The Transfiguration of our Lord Jesus is the culmination of the Church’s observance of Epiphanytide. Since the arrival of the Wise Men and the presentation of their priestly and kingly gifts, little by little through the Word of the Gospel Jesus has been manifested and shown forth to be the Son of God and the express icon of His glory in human flesh. At His baptism in the Jordan by John, heaven was opened and the Father proclaimed, “This is My beloved Son with whom I am well pleased.” Today you have heard the Father’s proclamation yet again, this time with this command, “Listen to Him.” Listen to Jesus, because He is the new and greater Elijah, indeed, the Great Prophet and fulfillment of all the prophets. Listen to Jesus, because He is the new and greater Moses who leads His people out of slavery, captivity, and bondage to sin, death, and the devil, through death into the true Promised Land in the presence of God in His glory, the New Jerusalem, Holy Zion in heaven. Listen to Jesus, because He is the Word of God incarnate and the only Way to God the Father, God’s Truth, and God’s Life.
But, take heed today of what God’s glory truly is, what it means, and where it is located. Do not be like Peter before Jesus’ resurrection and the sending of the Holy Spirit on Pentecost. Awed by the glory of Moses and Elijah and Jesus’ shining face and clothing, Peter wanted to preserve that mountaintop experience here on earth by erecting tents to house the holy trio. No doubt Peter envisioned a glorious temple upon the holy mountain to which the faithful would stream from all of Jerusalem, Samaria, and the ends of the earth. No doubt he envisioned a packed hall full of worldly wealth and all the things men count as glorious, a restored nation of Israel, a powerful and shining light upon a hill. However, that is what men count as glorious, not what God counts as glorious. When God spoke on the Mount of Transfiguration, God revealed His glory in the flesh and blood body of Jesus, the carpenter’s son and lowly itinerant rabbi from backwater Nazareth. God’s glory is not in a temple made by human hands but in a man, the Man, the New Adam, the Son of God, Jesus, and when Jesus reached out and touched His disciples saying, “Rise, and have no fear,” they lifted up their eyes and saw no one, but Jesus only. And, Jesus told them to “Tell no one the vision, until the Son of Man is raised from the dead.”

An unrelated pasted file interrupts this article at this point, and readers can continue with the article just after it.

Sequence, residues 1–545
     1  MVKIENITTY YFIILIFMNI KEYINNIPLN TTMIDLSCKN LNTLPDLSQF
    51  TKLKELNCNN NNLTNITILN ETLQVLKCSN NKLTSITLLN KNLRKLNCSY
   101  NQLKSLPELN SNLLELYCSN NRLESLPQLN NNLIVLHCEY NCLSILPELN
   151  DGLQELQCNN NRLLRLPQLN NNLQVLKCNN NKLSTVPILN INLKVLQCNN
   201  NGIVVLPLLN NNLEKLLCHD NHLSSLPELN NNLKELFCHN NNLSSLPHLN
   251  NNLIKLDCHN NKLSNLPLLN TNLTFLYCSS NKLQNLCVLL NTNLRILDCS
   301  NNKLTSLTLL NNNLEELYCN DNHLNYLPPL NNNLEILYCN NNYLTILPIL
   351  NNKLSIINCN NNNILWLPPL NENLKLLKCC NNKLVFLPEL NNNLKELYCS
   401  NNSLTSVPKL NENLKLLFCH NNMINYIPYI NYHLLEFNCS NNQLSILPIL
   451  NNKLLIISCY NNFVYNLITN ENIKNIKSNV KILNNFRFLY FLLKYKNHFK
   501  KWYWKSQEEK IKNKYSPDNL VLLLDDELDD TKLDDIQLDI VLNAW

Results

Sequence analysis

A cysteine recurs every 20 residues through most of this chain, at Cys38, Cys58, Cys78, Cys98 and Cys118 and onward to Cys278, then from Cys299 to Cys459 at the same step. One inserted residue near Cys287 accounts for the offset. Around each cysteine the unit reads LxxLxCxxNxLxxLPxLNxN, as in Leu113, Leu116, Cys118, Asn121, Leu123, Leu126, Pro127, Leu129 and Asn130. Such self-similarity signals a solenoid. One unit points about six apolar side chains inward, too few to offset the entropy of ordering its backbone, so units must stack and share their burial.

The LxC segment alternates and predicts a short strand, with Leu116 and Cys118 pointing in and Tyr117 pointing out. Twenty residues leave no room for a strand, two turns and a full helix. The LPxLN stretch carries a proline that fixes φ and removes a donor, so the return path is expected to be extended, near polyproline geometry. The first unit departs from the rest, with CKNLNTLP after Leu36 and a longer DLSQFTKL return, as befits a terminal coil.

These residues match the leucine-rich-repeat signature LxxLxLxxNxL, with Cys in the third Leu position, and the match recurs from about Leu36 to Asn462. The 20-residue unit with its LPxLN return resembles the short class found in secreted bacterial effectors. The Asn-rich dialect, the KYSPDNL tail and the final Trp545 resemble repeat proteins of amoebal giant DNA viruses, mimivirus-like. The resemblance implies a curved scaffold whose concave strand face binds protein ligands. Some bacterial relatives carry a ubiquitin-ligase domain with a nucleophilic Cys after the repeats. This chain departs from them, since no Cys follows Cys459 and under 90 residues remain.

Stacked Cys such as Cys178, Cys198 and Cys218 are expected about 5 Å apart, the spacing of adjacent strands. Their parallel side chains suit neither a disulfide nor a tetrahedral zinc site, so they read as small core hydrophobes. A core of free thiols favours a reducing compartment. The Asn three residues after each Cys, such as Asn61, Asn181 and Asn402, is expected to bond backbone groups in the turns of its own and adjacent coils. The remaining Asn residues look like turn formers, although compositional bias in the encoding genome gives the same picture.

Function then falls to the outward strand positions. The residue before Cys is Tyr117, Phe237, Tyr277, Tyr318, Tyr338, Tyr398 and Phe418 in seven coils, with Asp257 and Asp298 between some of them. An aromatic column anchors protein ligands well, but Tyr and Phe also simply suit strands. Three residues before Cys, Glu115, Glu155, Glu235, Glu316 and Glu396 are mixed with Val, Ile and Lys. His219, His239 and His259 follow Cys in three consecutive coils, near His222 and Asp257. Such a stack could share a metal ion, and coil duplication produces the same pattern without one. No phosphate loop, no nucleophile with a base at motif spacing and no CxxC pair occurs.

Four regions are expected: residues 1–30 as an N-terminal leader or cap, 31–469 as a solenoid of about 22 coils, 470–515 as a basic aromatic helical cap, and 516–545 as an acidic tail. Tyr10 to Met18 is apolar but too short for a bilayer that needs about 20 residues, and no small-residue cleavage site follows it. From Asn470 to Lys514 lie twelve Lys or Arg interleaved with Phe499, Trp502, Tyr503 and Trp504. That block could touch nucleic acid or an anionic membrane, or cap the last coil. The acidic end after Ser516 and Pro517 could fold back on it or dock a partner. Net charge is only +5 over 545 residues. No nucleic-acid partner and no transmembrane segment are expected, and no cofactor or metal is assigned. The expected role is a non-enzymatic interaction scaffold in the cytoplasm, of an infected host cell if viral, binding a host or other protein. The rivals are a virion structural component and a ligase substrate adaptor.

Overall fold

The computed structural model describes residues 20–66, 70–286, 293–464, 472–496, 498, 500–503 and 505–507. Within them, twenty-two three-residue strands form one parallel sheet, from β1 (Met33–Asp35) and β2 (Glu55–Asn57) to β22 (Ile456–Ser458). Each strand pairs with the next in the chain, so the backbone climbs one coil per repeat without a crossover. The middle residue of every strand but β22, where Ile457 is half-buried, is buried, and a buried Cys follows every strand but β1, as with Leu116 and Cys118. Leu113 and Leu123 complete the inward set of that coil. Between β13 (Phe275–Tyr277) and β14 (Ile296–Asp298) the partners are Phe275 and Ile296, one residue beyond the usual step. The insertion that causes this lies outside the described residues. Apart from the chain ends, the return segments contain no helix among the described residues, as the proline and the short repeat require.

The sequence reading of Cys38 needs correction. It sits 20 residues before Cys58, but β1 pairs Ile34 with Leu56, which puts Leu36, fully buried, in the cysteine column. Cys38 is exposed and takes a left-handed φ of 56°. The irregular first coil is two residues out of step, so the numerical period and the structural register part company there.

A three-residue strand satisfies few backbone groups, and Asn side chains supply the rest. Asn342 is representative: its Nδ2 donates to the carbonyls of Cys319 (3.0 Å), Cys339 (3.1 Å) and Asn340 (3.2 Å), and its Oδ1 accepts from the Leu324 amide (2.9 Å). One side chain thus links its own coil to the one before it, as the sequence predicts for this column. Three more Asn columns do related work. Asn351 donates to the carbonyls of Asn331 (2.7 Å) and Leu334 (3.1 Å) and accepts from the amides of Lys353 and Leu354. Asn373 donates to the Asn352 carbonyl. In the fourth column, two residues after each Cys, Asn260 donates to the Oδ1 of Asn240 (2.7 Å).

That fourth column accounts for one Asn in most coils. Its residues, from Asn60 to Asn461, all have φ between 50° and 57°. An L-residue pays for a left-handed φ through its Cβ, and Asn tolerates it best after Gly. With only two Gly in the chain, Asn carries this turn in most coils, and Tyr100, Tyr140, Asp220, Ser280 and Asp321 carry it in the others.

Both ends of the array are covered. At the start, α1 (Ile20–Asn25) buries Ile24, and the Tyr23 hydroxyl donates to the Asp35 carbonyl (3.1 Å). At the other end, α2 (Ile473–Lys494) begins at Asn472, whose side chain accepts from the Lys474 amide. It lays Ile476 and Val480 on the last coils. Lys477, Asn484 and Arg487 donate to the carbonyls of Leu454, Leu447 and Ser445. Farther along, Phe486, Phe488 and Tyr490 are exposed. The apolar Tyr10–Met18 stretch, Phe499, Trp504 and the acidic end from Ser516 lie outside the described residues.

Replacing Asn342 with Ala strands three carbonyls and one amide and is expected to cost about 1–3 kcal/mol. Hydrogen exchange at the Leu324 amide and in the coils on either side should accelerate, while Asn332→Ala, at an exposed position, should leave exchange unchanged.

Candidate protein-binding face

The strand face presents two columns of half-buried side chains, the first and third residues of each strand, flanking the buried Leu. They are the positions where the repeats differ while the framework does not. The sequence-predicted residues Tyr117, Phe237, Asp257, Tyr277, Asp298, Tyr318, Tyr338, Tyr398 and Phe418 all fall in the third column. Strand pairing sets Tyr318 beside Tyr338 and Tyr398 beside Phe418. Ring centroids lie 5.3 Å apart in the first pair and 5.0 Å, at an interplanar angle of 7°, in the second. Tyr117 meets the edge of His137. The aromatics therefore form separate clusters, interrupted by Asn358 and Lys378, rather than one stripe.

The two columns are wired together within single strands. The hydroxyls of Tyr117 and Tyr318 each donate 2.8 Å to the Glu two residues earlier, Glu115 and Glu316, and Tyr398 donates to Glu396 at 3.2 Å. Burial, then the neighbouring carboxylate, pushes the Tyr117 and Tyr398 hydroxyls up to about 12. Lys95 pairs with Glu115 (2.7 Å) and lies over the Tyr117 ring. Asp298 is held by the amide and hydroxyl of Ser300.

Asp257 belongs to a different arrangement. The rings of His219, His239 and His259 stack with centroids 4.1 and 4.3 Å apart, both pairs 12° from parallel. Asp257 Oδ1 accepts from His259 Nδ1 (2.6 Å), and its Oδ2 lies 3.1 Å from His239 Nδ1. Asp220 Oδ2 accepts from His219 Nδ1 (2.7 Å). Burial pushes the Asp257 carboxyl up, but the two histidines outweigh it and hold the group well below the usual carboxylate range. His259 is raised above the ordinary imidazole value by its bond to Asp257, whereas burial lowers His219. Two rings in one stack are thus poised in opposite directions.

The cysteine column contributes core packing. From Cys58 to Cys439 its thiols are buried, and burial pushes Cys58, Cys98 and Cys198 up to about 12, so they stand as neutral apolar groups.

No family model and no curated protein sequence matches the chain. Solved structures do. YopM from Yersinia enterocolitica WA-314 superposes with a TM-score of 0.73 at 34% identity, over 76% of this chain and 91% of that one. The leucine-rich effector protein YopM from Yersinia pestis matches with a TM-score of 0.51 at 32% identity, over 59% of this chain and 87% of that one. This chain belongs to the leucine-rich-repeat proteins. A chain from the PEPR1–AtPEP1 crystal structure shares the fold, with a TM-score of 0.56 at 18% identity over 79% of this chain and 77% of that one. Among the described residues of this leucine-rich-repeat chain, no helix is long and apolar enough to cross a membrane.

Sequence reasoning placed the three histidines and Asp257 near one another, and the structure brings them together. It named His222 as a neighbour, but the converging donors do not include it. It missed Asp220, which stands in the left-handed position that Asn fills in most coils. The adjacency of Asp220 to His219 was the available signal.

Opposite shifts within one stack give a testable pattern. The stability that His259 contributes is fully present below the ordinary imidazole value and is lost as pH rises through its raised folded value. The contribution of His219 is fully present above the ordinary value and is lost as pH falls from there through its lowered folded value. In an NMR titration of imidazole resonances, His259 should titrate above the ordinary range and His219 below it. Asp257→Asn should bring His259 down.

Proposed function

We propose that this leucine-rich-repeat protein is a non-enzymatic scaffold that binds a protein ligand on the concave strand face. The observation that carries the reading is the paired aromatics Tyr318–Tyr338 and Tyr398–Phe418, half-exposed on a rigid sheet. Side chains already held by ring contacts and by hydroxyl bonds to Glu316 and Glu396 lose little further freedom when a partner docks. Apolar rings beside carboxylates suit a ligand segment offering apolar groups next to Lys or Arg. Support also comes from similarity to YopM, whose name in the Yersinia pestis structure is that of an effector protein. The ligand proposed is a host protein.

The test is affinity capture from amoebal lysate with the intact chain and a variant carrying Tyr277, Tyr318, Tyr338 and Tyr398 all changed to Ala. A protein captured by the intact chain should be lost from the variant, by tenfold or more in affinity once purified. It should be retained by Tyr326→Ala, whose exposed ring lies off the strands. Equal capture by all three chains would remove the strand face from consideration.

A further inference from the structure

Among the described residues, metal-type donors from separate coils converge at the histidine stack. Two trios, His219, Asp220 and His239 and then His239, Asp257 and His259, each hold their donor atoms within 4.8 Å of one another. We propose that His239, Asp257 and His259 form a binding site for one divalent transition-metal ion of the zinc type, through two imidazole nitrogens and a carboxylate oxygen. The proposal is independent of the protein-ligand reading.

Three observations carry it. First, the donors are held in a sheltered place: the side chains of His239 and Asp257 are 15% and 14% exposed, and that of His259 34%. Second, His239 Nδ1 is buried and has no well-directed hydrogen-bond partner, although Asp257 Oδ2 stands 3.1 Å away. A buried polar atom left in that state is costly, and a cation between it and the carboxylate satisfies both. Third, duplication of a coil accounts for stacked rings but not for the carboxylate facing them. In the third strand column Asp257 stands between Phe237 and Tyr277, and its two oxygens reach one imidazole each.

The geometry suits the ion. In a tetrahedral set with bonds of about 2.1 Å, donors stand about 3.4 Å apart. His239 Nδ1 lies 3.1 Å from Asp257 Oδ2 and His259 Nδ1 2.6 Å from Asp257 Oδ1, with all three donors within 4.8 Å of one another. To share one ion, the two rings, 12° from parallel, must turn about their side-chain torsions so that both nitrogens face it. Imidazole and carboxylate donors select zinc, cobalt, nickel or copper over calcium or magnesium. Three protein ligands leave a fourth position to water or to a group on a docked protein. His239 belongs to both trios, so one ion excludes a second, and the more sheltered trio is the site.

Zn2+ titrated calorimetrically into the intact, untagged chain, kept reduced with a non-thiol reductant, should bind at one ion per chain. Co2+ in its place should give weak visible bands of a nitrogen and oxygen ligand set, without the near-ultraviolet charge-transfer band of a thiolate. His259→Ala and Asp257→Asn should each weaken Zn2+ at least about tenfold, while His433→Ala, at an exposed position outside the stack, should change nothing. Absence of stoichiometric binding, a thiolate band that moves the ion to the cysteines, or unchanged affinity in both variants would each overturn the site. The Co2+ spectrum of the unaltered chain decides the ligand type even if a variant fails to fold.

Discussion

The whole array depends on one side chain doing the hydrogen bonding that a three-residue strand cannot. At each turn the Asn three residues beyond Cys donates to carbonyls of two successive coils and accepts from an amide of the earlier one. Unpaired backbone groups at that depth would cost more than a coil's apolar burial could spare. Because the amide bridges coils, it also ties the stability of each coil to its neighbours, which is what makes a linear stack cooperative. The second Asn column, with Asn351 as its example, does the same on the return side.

That’s not very glorious, they must have thought. Truly, God’s ways are not our ways, and the foolishness of God is wiser than man’s wisdom. Jesus led them down from the mountain of glory to go to Jerusalem. Along the way a demon-possessed man met them, and Jesus taught them about His impending betrayal, arrest, crucifixion, death, and resurrection. Again, not very glorious, they must have thought. Then the disciples began to argue about who would be the greatest in the kingdom of heaven. Jesus placed a little child before them saying, “Truly, I say to you, unless you turn and become like children, you will never enter the kingdom of heaven. Whoever humbles himself like this child is the greatest in the kingdom of heaven.” Not – very – glorious.
Truly, the way of Jesus’ disciples, the way of God’s adopted children, the way of the Holy Christian Church, is not the way of mountaintop experiences and worldly glory, but it is, as Jesus taught, the way of humility, selflessness, sacrifice, and suffering, the way of the cross. When God spoke to Moses on Sinai, the people below were terrified. Yet still, how quickly did they turn aside and create a god of their own to worship. The Word of God seemed weak and foolish, compared to a shining graven image of gold. When the Word of God became flesh and made His dwelling amongst us in Jesus, people rejected Him because of His lowliness and humility. Still today, men scorn the Word of God and His Sacraments, believing them to be weak, foolish, and not – very – glorious. They desire the mountaintop experience and not the cross of Jesus Christ.